But keep an eye out for a “constellation” of signs: “If you see a combination of these warning signs, particularly if they’re out of character for your teen, you should check in with them, keep a close eye and monitor,” she states.

Why teens self-harm

Self-harm is often a misguided way of trying to cope with intense emotions.


“Those who self-harm often view it as a form of release or a distraction from emotional pain,” explains Dr. Eastman. “Some may feel emotionally numb and view self-harm as the only way they can feel anything.”

NSSI also may be a form of communication — a cry for help in the hope that others will see their pain through the injuries and respond.

It has long been estimated that about 20% of teens self-harm. But self-injury rates increased during the COVID-19 pandemic, and there’s some evidence the number may now be closer to 25%, according to Dr. Khan.

Can self-harm indicate increased suicide risk?

Dr. Khan says that self-injury is one of the strongest predictors of a future suicide attempt. Researchers say that 70% of those with a history of self-harming attempt suicide at least once; 55% make multiple attempts.

“Some have this escalating course of action because things are kept secret and they’re on their own,” he continues. “Because of that, they struggle to slow down or stop self-harming, which is more likely to lead down the road of suicidal thoughts.”

Learn more about teen suicide warning signs.

How to help teens who self-harm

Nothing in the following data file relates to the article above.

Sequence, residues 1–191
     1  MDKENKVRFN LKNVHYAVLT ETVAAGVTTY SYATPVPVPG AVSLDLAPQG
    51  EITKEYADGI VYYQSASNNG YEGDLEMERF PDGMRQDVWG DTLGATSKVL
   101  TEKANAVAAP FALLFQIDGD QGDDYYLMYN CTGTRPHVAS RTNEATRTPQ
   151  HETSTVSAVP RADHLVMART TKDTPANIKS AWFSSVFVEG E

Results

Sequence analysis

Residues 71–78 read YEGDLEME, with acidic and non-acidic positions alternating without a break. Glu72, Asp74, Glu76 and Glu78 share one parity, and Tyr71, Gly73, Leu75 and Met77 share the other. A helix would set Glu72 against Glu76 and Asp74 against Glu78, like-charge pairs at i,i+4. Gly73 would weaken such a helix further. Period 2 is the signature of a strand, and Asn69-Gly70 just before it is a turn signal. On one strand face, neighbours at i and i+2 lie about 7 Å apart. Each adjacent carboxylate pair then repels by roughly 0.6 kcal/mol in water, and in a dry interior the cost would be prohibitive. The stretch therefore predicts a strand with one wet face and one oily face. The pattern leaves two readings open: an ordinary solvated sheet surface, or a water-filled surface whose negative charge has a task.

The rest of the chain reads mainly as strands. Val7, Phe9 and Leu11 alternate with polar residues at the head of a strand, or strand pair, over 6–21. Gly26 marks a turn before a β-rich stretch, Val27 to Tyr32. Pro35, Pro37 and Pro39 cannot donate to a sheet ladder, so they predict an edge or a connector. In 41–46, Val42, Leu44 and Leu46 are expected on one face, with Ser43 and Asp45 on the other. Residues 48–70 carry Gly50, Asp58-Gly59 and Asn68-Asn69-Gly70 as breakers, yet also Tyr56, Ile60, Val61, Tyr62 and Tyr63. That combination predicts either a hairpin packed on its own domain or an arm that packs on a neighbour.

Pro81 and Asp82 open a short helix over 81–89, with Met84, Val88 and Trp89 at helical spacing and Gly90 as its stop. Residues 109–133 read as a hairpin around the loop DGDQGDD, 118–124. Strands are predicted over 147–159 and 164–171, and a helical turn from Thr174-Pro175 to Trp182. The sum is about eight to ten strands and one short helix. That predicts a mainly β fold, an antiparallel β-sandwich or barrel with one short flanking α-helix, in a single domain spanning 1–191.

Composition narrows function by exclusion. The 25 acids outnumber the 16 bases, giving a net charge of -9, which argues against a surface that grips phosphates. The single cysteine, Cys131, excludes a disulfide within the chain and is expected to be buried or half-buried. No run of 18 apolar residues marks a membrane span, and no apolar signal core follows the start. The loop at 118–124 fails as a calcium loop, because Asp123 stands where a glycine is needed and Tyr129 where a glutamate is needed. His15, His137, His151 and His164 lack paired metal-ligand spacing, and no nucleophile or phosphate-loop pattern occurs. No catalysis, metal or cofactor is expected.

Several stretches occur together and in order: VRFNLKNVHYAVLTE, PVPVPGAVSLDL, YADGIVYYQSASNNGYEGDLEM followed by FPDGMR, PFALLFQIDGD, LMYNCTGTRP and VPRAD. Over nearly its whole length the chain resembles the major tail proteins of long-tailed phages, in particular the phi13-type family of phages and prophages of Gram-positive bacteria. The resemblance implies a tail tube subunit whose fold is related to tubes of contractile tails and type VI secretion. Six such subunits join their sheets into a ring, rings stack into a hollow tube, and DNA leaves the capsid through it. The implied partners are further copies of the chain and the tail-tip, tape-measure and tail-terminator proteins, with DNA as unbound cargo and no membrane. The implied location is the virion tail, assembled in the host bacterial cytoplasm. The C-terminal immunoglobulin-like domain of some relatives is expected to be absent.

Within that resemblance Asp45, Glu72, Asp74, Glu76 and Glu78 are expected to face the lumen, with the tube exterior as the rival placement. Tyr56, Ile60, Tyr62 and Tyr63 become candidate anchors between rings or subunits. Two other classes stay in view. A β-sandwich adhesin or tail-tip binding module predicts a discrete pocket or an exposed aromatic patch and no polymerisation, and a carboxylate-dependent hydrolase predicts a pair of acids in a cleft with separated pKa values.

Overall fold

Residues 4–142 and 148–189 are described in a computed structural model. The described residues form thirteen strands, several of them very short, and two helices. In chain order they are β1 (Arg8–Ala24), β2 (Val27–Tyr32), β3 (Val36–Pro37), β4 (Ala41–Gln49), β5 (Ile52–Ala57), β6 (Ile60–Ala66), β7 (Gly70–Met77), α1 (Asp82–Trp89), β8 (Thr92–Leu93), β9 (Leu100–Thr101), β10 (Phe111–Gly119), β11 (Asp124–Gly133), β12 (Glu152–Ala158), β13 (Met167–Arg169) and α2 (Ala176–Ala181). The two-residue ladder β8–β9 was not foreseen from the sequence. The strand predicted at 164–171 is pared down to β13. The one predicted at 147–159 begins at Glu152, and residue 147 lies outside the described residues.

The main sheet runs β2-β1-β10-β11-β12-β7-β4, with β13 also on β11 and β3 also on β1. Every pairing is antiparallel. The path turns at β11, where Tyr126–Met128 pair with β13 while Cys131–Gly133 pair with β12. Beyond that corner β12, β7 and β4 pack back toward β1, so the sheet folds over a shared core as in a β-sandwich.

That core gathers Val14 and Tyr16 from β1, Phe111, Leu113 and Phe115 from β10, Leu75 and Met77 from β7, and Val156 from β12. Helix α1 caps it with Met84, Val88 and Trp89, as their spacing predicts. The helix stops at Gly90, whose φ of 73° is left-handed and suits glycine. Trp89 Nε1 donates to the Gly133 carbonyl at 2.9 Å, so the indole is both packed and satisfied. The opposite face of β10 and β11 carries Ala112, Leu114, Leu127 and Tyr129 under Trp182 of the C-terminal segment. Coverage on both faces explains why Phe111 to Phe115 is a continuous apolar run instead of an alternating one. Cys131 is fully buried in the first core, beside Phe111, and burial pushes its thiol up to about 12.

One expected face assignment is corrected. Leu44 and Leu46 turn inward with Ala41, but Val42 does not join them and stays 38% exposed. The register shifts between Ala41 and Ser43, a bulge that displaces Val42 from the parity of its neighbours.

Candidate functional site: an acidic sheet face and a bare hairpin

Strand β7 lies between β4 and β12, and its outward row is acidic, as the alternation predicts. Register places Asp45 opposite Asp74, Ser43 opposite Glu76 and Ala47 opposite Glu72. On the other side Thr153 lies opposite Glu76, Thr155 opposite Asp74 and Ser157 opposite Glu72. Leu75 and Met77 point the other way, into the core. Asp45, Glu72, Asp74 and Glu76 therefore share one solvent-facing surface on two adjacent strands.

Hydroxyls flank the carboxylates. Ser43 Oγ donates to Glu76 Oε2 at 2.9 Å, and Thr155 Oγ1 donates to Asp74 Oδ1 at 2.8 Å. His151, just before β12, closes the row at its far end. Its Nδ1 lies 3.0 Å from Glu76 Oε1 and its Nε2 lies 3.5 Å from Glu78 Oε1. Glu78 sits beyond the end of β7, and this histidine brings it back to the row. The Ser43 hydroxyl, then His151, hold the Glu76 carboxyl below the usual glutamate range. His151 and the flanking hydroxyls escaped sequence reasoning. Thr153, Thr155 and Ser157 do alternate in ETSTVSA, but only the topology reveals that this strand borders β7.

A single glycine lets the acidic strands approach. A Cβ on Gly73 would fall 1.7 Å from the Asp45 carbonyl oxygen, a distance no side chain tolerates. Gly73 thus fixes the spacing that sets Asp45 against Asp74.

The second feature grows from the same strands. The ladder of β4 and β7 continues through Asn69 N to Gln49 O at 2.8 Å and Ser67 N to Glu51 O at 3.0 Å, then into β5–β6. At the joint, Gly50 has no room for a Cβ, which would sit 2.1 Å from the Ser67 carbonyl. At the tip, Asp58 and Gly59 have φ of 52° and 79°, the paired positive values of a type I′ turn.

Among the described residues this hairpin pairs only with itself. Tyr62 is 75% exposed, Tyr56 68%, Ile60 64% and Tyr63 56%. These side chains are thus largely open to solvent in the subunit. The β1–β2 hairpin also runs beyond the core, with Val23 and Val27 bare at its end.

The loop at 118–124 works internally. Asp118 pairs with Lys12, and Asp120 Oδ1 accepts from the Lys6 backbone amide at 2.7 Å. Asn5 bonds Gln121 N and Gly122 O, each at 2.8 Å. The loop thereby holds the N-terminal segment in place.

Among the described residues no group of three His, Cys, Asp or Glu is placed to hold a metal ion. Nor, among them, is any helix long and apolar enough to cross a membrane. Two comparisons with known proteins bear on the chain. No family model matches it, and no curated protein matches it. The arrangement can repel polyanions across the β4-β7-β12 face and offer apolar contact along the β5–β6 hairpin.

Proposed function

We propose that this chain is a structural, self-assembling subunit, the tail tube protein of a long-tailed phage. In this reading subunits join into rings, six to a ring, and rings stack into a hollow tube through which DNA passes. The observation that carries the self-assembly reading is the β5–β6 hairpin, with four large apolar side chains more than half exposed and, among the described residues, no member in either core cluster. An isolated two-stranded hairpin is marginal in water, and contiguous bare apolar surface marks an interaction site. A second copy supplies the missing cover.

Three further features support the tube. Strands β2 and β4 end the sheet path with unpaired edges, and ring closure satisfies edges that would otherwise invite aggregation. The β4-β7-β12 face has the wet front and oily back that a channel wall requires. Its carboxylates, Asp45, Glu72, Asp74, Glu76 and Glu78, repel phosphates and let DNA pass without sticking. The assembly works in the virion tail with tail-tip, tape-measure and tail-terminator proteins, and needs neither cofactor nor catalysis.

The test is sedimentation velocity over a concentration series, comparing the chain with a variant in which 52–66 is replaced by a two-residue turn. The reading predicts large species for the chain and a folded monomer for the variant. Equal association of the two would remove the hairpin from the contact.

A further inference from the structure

If you suspect that your teen is self-harming, or if they tell you that they are, it’s important not to react with anger or criticism. Validate their emotions and let them know you understand they’re feeling overwhelmed.

What your teen needs most at this moment are listening ears and compassion. “Be curious, not judgmental,” advises Dr. Khan. “Ask questions and try to listen more than you speak to find out what is happening.”

But make it clear that there are better ways to deal with their problems — and you’ll work with them to figure it out. Take steps to minimize access to sharp objects they may be using to self-harm, too, suggests Dr. Eastman.

If your child is self-harming, know that having a trusted, caring adult at their side is important for them to work through their emotions.

“Try your best to be that person,” encourages Dr. Khan.

Getting professional help

It’s also important to quickly connect a child who is self-harming to a mental health professional. (If your child is having suicidal thoughts, head to an emergency room.)

Look for a mental health professional who has experience treating adolescents who self-harm. If you’re not sure where to start, talk to your pediatrician first. They can work with you to take the next step.

Other resources include the:

“It’s distressing to learn that your child has been self-harming,” Dr. Eastman empathizes. “But with your support and a professional’s help, your teen can learn healthier ways of coping with tough emotions.”


Learn more about our editorial process.

Health Library
Self-Harm (Nonsuicidal Self-Injury Disorder)